As cloud environments grow and evolve more rapidly than ever, and with new cloud services emerging every day, achieving and maintaining a high level of organization across hundreds of resources and global teams can seem like a daunting task. However, it’s not impossible, and can be done through tagging. This post will cover the fundamentals of tags, as well as a comprehensive roadmap to developing an AWS tagging strategy.
What is Tagging?
Tagging is a method by which users can add descriptive metadata (“tags”) to their cloud assets such as EC2 instances, S3 buckets and Lambda functions. Most AWS services support tagging, however when newer services are initially released, they sometimes may not support this functionality. However as AWS is keenly aware of the importance and value of tagging to their many customers, these services usually eventually gain tagging features.
Tagging is the cornerstone of maintaining an organized cloud infrastructure, particularly in shared cloud accounts where different resources are provisioned for different purposes. Once proper tagging is in place, it’s easier for engineering, product and finance teams to search and filter your company’s cloud resources, and therefore to more quickly report on cost, usage and performance across various cloud services. The organization that tagging offers can also surface the necessary cloud data to answer business and product strategy questions such as: “what is the most expensive feature in our product,”, “how much does this product cost per user, or per instance”, and foster better relationships across disparate teams.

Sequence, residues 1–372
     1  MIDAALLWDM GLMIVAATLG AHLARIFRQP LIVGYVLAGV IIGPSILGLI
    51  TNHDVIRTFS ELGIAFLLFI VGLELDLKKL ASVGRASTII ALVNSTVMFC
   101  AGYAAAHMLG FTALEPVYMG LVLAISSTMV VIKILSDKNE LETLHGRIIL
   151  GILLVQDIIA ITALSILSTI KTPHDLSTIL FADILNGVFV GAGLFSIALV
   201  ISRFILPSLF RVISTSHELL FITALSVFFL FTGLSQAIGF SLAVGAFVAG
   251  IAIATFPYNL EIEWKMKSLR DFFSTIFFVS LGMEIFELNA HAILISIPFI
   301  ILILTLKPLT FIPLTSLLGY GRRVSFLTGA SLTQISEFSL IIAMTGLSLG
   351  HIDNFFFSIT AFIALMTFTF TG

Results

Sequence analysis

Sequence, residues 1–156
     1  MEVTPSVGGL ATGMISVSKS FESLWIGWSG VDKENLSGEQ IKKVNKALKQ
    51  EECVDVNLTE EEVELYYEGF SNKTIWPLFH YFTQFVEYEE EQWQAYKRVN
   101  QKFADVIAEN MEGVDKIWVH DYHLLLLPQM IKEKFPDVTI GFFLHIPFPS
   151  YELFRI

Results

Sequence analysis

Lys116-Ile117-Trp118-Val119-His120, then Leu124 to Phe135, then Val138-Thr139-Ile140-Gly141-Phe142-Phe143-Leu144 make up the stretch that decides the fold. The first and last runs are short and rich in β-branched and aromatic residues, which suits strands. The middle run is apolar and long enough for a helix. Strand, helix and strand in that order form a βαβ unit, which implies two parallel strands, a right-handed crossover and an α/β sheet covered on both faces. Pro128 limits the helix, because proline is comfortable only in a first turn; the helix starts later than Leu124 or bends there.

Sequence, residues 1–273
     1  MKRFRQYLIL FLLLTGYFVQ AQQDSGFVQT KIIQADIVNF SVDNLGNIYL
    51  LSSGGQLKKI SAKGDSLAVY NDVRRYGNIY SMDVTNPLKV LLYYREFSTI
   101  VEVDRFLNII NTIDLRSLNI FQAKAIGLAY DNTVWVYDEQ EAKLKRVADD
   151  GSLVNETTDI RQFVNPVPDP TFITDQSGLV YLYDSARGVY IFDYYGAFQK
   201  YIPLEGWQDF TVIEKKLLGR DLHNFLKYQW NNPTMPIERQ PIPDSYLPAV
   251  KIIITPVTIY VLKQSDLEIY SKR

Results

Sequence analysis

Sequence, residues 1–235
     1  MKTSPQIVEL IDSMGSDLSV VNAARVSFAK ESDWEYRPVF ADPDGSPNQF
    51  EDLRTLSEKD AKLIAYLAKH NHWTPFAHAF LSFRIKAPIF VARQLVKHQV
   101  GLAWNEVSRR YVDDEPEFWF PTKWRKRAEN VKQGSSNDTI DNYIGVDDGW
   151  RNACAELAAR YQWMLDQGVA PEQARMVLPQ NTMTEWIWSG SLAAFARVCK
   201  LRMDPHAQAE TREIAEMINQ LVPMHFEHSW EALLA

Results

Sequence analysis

What is a Tag?
A tag is composed of two main components - a key and a unique value associated with that key. One key can have multiple values: for example, if using the key “Team”, you could assign some resources the value of “DevOps” and others “Engineering”. See the table below for more details. Popular other keys include Business Unit, Account, Project, Owner, and Cost Center.
The tagging of different resources can be tagged via the AWS Tag Editor in your AWS console. This service allows you to create and/or delete keys as well as add or remove tags from individual and/or multiple resources at once. If you deploy resources through an automated fashion (such as Cloud Formation templates), you can alternatively embed the tagging requirements in those templates so that resources are automatically launched with proper tags in place.
To reinforce tagging compliance as your company grows and evolves its cloud environment, you can also use AWS Config rules which can do anything from alert you to assets that aren’t properly tagged, to offer developers pre-selected tag values to avoid capitalization or naming mistakes, to preventing assets from launching all together if they are not properly tagged.
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Some common obstacles for implementing proper tagging: